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#2

Post by joachimt »

:mw_confused:

EDIT: Ah, I just saw the off-topic-lounge. Not confused anymore.
Last edited by joachimt on February 16th, 2013, 11:03 am, edited 1 time in total.
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#3

Post by joachimt »

Shouldn't this be in the general board?
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#4

Post by AdamH »

A Good Day to Die Hard worth watching?
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#5

Post by mightysparks »

Typical mainstream trash, I'd never watch it in a million years.
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#6

Post by brokenface »

so if someone mentions a film in the Off Topic Lounge now are they being simultaneously off-topic (because they should be in the Film Lounge) and on-topic (because they are being off topic in the Off Topic Lounge) :wacko:
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#7

Post by AdamH »

brokenface on Feb 16 2013, 06:58:42 AM wrote:so if someone mentions a film in the Off Topic Lounge now are they being simultaneously off-topic (because they should be in the Film Lounge) and on-topic (because they are being off topic in the Off Topic Lounge) :wacko:
This post is off-topic therefore should be in the off-topic lounge not in the film lounge. :whistling:

Once posted in the off-topic lounge it will become on-topic and should then be removed. :teehee:
Last edited by AdamH on February 16th, 2013, 2:08 pm, edited 1 time in total.
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#8

Post by mightysparks »

:(
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#9

Post by brokenface »

intothewild on Feb 16 2013, 07:07:20 AM wrote:
brokenface on Feb 16 2013, 06:58:42 AM wrote:so if someone mentions a film in the Off Topic Lounge now are they being simultaneously off-topic (because they should be in the Film Lounge) and on-topic (because they are being off topic in the Off Topic Lounge) :wacko:
This post is off-topic therefore should be in the off-topic lounge not in the film lounge. :whistling:

Once posted in the off-topic lounge it will become on-topic and should then be removed. :teehee:
This Off Topic Lounge belongs in Catch-22 :lol:
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#10

Post by TheRedDeath »

I've been thinking about Evil Dead II since I watched it (last night) and I can't, for the life of me, understand why it's considered a great movie. Everything about it was bad imo...
:(
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#11

Post by mightysparks »

I prefer the first one. The 2nd and 3rd are just ok.
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#12

Post by St. Gloede »

TheRedDeath on Feb 16 2013, 07:20:20 AM wrote:I've been thinking about Evil Dead II since I watched it (last night) and I can't, for the life of me, understand why it's considered a great movie. Everything about it was bad imo...
:(
Agreed. Though the first was even worse.
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#13

Post by mightysparks »

The first is amazing! Boo to you!
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#14

Post by sebby »

I don't think I've ever encountered as much disdain for Evil Dead II as I have here. Kind of surprising given that it's a film that's usually adored by both cinephiles and casual movie watchers. How can anyone not like a hilarious, amazingly atmospheric horror film featuring one of the most likeable and iconic main characters of the genre?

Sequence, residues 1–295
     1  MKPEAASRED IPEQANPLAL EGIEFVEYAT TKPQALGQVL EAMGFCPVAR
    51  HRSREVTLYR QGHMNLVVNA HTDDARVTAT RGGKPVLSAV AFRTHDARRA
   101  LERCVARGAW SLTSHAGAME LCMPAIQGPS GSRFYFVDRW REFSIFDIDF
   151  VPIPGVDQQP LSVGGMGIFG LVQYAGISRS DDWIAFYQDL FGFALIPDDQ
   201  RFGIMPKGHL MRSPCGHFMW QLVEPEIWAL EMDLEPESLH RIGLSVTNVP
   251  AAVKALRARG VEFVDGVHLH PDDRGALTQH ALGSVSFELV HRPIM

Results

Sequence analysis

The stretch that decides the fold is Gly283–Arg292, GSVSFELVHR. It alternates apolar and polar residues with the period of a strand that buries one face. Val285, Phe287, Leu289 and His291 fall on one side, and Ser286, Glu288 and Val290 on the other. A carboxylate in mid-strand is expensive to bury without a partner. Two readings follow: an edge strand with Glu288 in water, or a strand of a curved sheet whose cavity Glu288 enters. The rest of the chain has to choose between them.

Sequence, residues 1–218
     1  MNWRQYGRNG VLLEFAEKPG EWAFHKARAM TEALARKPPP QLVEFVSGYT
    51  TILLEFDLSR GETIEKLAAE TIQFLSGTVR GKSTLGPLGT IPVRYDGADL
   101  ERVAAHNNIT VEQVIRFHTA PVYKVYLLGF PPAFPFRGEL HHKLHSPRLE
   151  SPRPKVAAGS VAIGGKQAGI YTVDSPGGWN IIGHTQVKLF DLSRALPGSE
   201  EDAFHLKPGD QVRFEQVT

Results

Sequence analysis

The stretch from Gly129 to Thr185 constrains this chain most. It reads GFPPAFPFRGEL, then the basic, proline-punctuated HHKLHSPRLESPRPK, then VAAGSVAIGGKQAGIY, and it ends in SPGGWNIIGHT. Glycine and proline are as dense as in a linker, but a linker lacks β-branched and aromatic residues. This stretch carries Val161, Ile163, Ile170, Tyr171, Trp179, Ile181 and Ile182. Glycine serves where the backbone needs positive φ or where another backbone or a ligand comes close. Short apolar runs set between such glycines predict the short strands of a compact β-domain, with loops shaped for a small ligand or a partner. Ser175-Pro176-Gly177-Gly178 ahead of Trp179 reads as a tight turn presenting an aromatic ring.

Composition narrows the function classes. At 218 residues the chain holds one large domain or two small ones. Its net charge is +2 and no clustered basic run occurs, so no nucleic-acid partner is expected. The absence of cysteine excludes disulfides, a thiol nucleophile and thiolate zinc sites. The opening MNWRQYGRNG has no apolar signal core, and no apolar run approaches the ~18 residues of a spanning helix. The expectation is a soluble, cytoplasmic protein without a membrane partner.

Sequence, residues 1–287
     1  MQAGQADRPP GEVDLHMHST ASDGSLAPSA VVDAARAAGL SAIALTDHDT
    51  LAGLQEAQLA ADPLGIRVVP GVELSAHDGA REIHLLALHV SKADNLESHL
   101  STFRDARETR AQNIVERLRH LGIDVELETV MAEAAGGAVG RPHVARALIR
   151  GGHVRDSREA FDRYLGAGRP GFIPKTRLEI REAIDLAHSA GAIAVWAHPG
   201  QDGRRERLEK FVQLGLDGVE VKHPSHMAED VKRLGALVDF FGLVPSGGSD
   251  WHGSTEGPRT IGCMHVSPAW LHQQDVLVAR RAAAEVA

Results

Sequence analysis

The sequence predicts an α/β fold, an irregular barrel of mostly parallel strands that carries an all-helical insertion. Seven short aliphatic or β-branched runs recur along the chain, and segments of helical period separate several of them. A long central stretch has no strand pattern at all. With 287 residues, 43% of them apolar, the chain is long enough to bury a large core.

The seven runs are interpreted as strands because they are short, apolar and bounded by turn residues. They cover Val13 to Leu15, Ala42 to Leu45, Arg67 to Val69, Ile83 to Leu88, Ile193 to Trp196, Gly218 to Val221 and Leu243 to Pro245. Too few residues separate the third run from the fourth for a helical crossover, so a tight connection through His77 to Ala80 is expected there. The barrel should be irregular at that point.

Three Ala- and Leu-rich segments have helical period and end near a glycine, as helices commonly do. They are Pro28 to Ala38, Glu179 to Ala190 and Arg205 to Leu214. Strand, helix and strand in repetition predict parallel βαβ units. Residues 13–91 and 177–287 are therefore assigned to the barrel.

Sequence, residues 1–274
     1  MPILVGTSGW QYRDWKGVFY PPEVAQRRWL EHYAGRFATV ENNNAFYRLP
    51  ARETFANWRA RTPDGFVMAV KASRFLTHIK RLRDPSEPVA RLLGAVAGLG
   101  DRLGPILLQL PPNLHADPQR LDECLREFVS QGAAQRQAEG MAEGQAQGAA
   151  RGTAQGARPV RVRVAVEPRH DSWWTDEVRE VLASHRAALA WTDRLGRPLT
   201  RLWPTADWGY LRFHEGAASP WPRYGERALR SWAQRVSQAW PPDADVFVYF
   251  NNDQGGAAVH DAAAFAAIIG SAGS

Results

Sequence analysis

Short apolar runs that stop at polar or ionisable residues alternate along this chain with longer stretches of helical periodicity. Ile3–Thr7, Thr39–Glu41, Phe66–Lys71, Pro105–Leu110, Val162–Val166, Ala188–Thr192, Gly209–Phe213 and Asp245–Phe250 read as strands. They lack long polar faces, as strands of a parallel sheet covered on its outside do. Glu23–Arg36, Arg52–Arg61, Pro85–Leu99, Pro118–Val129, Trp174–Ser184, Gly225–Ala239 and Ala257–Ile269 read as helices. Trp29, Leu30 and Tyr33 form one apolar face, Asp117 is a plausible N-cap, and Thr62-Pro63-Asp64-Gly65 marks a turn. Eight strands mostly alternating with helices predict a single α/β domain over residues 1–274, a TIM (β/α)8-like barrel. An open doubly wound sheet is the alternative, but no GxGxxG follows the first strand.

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#15

Post by clemmetarey »

I really like the trilogy, even though I watched the last one first.
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#16

Post by VincentPrice »

sebby on Feb 16 2013, 08:48:14 AM wrote:I don't think I've ever encountered as much disdain for Evil Dead II as I have here. Kind of surprising given that it's a film that's usually adored by both cinephiles and casual movie watchers. How can anyone not like a hilarious, amazingly atmospheric horror film featuring one of the most likeable and iconic main characters of the genre?
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#17

Post by St. Gloede »

sebby on Feb 16 2013, 08:48:14 AM wrote:I don't think I've ever encountered as much disdain for Evil Dead II as I have here. Kind of surprising given that it's a film that's usually adored by both cinephiles and casual movie watchers. How can anyone not like a hilarious, amazingly atmospheric horror film featuring one of the most likeable and iconic main characters of the genre?
Spiteful comment: Atmospheric? Didn'tfind anything atmospheric about it. My disdain for it is primarily because it's terribly done and ugly trash. Stupid beyond belief. Over-the top acting and pathetic writing may appear funny to some, but this was just sad. Tree rape is not funny, nor scary, it's just dumb.

More respectable comment: Gore and camp humor really isn't for me.In order to succeed with the so bad it's good you just got to hit the right tone, and I don't think Evil Dead 1&2 hit that. The first one wasn't even supposed to be a comedy. I recall reading a trivia that Raimi was really surprised when the audience started to laugh and that this was the inspiration for Evil Dead 2. The oh look at how disgusting it is, or hey, isn't this absurd and creepy, really doesn't work for me when presented in this way - had it been beautifully shot and artistic maybe it would. I guess I can see why people with other sensibilities would like it however. But I just don't see much actual interesting content here. The story lines are weak to non-existent. Characters = pure nothingness - save Ash. All the acting is remarkably weak, and not in a fun way, just pure nothingness. In Evil Dead 2 there were more actual attempts at humor, so that worked slightly better for me. But that's it.